The placebo effect does not require deception — for real

Researchers have found that the placebo effect does not require blindness, tricking the test subjects. Tell people they are getting a sugar pill and it still works.

No, this is not a joke. Years of research. They theorize that the theater surrounding the doctor visit, with the white coat and all, somehow makes the sugar pill work.

Could be important for audio as well. I have been working on setting up a test where I duct tape a femtoclock, or a matchbox, to the outside of a MicroRendu and do comparisons with a plain MicroRendu. But with this result, I could use regular transparent tape and tell people “this change doesn’t do anything” and it might still work. With sufficient theater surrounding it. (This was a joke.)

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So what you’re saying is that, if I get some of those doohickeys with arrows on them which you clamp to the outside of your cables, to tell the electrons inside the cable wires which way to travel, that those will, or might, improve my SQ, even though I don’t believe they can possibly do anything?

Seems to me that Kaptchuk’s study is depending on the idea of “beeing seen”; that is, those who respond have been seen by a physician and paid attention to and given something that isn’t medically significant and that very fact relieves some of the anxiety in their mind, anxiety which almost certainly contributes to their symptoms. “That’s a load off,” we say.

I’m not convinced that audio placebos like electron directors or hi-fi fuses would work the same way. I’d be so upset about falling for an obvious scam that my perceived SQ would probably decrease. But maybe if I didn’t understand that they were scams? “Ignorance is bliss”, is another saying. Folk wisdom. More likely I’d have to be anxious about SQ in the first place, worried that I was missing something. Then that anxiety would be something that could be relieved.

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Maybe it would work better if you walk into a high-end store and buy the doohickeys for a high price and they come in very expensive packaging, instead of getting a plain brown wrapper from the internet?

Nobody really knows how it works.

But if it is a known placebo effect, that justifies the vendors not publishing any measurements…

Exactly. Try to replicate the “I’ve been listened to and prescribed for by someone who knows more about this than I do” effect.

Though I think it will still require some underlying anxiety that can be relieved by such an encounter.

I wiped the dust off the top of my NUC yesterday. The improvement in clarity and overall shinyness was a revalation. Of course I didn’t use an ordinary duster, that would be silly. I used a microfibre duster for optimal effect. Try it, you won’t be disappointed.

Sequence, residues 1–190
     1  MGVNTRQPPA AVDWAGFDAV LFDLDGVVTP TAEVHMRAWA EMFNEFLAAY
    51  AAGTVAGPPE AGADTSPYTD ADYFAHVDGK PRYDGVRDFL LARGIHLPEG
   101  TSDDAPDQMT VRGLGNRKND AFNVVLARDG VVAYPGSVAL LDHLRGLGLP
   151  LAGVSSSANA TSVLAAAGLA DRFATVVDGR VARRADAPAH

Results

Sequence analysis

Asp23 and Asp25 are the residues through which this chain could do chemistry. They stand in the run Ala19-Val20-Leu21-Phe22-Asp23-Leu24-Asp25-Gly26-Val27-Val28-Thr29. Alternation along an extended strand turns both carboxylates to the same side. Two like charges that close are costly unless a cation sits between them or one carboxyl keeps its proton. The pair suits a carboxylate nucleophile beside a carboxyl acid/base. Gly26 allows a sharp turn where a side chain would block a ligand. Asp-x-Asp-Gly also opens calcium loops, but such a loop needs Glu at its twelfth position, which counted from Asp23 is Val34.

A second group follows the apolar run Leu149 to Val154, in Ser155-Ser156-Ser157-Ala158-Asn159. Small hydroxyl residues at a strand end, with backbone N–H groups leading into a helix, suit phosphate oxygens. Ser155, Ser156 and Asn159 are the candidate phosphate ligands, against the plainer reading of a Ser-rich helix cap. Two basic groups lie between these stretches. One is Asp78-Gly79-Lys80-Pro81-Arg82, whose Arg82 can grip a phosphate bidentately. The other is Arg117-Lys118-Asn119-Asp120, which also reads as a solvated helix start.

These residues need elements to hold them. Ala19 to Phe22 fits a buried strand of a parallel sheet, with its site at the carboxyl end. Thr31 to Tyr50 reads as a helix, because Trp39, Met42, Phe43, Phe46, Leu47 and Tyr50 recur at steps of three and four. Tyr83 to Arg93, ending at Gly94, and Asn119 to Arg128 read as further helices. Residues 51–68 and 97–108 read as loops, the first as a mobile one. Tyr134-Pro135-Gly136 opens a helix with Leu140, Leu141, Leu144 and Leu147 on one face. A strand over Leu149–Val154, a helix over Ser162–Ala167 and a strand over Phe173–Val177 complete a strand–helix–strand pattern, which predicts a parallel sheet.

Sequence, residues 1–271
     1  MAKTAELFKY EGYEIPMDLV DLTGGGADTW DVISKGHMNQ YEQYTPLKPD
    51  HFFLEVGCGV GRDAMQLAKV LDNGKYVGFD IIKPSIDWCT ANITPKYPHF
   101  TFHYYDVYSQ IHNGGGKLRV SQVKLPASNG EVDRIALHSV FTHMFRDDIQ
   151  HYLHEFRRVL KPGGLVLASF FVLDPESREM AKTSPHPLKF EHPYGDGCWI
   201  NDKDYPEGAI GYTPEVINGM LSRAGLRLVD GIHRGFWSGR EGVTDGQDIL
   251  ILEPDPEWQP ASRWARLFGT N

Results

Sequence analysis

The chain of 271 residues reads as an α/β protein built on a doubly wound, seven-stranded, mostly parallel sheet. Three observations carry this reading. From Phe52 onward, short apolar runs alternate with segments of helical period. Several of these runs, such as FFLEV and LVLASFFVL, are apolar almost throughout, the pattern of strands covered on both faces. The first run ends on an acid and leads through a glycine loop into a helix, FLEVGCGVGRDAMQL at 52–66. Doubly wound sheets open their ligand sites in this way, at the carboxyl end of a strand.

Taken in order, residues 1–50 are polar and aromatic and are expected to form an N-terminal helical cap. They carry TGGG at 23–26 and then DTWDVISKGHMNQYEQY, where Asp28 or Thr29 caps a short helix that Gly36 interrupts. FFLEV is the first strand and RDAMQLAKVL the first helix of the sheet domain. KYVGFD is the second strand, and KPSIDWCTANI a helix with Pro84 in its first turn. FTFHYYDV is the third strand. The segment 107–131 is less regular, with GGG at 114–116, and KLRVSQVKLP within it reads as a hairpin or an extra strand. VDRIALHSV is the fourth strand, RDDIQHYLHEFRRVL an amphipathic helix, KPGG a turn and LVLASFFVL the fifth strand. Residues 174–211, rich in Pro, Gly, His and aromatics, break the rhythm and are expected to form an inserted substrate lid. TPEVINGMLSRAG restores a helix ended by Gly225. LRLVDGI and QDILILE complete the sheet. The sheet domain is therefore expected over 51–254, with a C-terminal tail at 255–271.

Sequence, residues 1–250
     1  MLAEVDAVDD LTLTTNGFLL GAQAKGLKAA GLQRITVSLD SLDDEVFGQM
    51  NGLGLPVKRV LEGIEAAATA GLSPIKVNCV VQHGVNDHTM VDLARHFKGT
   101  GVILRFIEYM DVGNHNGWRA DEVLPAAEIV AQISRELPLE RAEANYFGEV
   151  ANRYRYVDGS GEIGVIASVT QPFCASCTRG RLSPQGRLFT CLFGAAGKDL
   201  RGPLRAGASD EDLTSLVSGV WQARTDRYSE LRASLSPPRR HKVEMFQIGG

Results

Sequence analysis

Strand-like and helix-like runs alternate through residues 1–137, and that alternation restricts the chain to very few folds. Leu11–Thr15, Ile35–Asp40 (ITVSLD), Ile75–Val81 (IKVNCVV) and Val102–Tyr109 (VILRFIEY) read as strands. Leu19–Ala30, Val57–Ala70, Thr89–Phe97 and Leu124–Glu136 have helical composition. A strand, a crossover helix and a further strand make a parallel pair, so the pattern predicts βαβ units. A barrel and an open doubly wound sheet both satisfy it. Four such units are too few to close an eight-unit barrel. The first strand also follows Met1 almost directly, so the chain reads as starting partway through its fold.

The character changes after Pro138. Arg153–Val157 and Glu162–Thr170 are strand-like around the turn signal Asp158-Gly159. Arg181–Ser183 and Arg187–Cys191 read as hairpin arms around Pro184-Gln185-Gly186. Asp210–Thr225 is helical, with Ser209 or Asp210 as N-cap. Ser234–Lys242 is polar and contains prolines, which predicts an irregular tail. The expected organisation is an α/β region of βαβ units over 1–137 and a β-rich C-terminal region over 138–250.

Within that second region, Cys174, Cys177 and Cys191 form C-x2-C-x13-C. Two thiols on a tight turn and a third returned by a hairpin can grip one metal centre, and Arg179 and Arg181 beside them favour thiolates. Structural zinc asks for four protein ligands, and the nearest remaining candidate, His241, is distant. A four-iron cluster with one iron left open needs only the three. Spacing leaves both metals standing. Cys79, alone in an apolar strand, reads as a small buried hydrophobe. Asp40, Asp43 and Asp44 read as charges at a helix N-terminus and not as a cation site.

Remember the significant SQ improvement when coloring the shiny edge of a CD with a black marker? Or the colorful round stickers strategically placed on the front of a speaker?

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It’s not even a new finding I’m afraid…

Park LC, Covi L. Nonblind placebo trial: an exploration of neurotic patients’ responses to placebo when its inert content is disclosed. Arch Gen Psych (April1965); 12:36-45

Which more or less says ‘we told them it was a sugar pill; they improved anyway’.

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I think that this was known before any of the studies were done. (Not that we shouldn’t confirm things with studies,)

People believe what they want to believe. It’s even codified in our language— “I can’t believe he’s never coming back.” Hucksters know this, and prey on those most easily influenced
Insecure? Want to confirm your
to yourself and others? This product will show you and the world that you possess these qualities, that you are part of the cognoscenti, and the best part is only you and I know about this magic—nobody can prove it isn’t true, and anyone who tries is obviously not one of us.

Could be pills, could be audio cables, could be straight magic.
I’ve seen “hypnotism” acts where the subjects clearly believed that they were naked—but they were never the doubters in the audience. Always the me-too wannabe-part-of-the-magic types who come gushing and giggling to the stage. (I’m not trying to suggest that “believers” are weak-minded, just that the skeptical are far more likely to require some sort of proof than folks with less rigorous standard of belief.)

The Nocebo Effect is a real thing, too. It’s really just down to what people believe, regardless of objective truth.

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